“There's a lot that goes behind the scenes in running a startup. Getting the legal, finance (equity allocation, vesting), accounting, and other overhead right will save you a lot of pain in the long run”. Kirsty Nathoo, CFO at Y Combinator.
The ecosystem of a startup is different from a regular small business. Startups are created in all types of businesses and all over the world. This ecosystem consists of individuals (entrepreneurs, venture capitalists, angel investors, mentors, advisors). One of the world’s most famous startup-ecosystem is Silicon Valley in California. Note, however, you do not have to be a Silicon Valley birth to be investible and successful, nor do you have to be the most represented founder in the startup game.
Before we dive into the basic accounting for startups per the authoritative guidance, part one of this article will help us garner some basic knowledge to disabuse us of any misunderstandings concerning startups. There is absolutely no doubt that many of us are unaware of the differences between a startup and a regular business.
What is a Startup?
Iman Jalali, Chief of Staff at Contexmeda answers this perfectly for us. He posits that “Startups are pressure cookers. Don’t let the casual dress and playful office environment fool you. New enterprises operate under do-or-die conditions. If you do not roll out a usable product or service in a timely fashion, the company will fail. Bye-bye paycheck, hello eviction”. I suppose his position is incontestable since a startup requires patience, resilience, and what I particularly term as possible professional, emotional, and financial suicides. Therein the startup process lies the strangulating deadlines to develop a prototype or prototypes and to get the product ready for market. Additionally, therein also lies the expectations of investors and other stakeholders of their return on investment of time or cash. The process may be more testing if the founder is underrepresented.
There is no perfect prescription or blueprint for a successful startup, but as Richard Branson postulates, “The best way of learning is by doing”. Consequently, given the high uncertainties associated with transforming and commercializing an idea, sustaining effort is required as the process can take a long period of time, by one estimate, three years or longer (Carter, et.al, 1996; Reynolds & Miller, 1992).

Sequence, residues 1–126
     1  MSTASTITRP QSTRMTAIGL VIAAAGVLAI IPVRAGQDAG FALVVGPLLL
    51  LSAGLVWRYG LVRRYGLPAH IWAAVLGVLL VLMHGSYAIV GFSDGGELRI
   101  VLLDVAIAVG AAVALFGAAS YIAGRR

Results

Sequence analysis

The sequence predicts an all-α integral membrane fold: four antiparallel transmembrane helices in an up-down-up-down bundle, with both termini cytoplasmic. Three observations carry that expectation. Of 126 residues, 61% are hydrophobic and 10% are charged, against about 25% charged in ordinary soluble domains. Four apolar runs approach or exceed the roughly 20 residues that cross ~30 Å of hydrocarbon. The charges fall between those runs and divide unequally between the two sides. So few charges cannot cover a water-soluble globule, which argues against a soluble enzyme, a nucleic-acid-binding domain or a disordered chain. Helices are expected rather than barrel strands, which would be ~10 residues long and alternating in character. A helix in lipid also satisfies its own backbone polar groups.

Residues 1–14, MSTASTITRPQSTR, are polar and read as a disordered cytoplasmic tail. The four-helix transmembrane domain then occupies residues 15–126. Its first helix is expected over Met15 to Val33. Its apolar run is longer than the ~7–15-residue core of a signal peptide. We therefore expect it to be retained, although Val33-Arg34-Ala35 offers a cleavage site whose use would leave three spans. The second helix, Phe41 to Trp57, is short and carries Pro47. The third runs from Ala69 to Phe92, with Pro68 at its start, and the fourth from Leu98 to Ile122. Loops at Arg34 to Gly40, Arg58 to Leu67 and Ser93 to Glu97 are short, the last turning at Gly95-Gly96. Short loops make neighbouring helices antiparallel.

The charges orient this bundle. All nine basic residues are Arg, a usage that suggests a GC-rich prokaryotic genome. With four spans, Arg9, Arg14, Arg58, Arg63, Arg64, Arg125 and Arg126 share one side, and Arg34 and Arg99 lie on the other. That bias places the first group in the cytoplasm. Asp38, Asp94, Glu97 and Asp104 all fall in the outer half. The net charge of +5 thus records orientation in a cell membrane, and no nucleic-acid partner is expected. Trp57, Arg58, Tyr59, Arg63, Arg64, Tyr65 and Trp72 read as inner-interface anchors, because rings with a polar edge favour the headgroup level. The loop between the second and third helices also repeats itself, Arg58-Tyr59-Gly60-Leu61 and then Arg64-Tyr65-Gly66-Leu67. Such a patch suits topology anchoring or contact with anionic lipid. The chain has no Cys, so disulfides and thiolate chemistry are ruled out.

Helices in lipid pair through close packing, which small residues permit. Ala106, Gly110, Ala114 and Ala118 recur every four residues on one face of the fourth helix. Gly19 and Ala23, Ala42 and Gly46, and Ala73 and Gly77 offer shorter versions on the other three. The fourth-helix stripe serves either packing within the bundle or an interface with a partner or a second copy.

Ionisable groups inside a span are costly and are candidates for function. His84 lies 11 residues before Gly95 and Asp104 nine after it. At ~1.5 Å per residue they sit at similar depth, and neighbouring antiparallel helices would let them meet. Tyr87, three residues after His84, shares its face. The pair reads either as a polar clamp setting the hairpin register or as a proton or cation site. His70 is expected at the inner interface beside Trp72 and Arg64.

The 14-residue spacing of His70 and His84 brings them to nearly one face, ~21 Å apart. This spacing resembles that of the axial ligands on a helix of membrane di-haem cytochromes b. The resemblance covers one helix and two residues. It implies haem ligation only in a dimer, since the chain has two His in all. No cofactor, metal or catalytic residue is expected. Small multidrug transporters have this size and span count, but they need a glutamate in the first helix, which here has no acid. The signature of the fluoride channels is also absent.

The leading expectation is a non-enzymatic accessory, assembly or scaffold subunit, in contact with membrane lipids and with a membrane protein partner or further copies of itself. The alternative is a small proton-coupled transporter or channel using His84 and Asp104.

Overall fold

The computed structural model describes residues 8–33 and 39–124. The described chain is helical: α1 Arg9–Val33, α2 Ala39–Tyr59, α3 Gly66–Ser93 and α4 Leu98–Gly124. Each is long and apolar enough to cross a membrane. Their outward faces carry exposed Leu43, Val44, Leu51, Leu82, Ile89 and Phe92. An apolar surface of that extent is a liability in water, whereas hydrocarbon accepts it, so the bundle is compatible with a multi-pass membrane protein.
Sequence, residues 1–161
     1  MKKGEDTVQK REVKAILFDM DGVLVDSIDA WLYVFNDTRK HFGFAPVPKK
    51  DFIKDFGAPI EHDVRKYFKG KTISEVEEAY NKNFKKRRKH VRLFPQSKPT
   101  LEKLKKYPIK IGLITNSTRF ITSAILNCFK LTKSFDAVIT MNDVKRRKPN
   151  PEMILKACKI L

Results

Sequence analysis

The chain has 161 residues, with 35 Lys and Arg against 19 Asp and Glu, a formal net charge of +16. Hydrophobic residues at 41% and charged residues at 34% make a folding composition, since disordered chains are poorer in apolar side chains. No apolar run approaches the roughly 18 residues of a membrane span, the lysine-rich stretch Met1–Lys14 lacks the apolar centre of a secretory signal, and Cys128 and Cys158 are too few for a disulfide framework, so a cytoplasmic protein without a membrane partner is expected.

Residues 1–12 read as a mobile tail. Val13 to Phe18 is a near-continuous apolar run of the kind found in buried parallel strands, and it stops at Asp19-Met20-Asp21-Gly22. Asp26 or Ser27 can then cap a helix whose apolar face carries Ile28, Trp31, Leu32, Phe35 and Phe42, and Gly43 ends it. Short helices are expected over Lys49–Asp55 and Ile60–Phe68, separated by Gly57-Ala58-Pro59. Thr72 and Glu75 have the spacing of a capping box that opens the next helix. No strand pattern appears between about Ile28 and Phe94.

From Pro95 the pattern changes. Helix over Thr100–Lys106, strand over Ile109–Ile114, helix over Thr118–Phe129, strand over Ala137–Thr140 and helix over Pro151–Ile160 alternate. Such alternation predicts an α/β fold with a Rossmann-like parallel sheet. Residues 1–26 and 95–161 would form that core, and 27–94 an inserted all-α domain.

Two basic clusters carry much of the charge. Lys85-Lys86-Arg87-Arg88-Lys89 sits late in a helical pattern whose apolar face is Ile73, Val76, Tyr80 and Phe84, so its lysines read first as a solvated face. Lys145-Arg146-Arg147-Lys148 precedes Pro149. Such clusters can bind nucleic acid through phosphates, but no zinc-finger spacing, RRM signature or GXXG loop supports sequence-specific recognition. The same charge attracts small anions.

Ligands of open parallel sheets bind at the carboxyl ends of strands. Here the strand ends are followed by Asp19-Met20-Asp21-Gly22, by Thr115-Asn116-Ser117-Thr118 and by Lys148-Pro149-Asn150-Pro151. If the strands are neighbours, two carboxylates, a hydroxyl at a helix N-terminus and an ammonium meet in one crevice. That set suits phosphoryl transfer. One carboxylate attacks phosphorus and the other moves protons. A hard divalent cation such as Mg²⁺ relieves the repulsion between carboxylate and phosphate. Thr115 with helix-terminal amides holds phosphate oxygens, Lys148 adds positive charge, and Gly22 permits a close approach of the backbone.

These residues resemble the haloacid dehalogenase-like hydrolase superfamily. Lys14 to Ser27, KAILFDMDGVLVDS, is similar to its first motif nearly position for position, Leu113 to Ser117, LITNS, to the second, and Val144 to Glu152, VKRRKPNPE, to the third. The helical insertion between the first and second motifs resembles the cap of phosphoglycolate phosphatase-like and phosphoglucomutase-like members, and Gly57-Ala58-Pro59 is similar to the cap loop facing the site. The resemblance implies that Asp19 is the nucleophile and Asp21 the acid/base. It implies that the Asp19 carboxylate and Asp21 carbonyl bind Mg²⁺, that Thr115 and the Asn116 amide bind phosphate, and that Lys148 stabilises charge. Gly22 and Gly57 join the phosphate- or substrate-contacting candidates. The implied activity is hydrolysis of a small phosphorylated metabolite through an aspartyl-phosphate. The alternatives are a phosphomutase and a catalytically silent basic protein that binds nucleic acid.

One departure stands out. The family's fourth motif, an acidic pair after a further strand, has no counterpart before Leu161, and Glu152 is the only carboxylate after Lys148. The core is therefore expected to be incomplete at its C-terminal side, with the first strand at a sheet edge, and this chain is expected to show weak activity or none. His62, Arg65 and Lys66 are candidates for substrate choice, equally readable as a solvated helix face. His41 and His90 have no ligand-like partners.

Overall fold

What is and is NOT a Startup
One should note that once an investable idea or innovation metamorphizes into a regular company, in that, it is now engaged in full-scale operations by providing a good or product for a profit, it is no longer considered a startup.
A self-employed/sole trader works for himself, whether by himself or a member of a team. This is a very simple business model (not innovative, ingenious, or inventive). Think about your average barbershops or hairdressing parlors. From day one there is a business model, and such a business is not readily scalable.
An organization markets goods or services for profit. In this business model, there is a proven business model, clear pricing of goods and services, and there is an existing market for goods and services.
A Startup, however, has a different business model. This is birthed from an innovative and inventive conception. This is a temporary organization that is created to look for a repeatable and scalable business model to sell. Note, in this case, the product of this model is the temporary company itself, so it, (the business model), must be sold at the end of the startup phase. Selling a startup usually take different forms, which include the acquisition by a larger company, merging with other businesses, or become a public entity through an initial public offering (IPO). Notable examples of startups include Airbnb, Facebook, Google, WhatsApp, Target, and TripAdvisor. These business models were germinated to solve a problem or to survive disruptions and today they boast market valuations in billions and even trillions. Again, these were scalable and repeatable business models that either went public through an IPO or were acquired by larger corporations. Note, WhatsApp, a startup, was acquired for $19 billion in cash and stocks in 2014 by Facebook.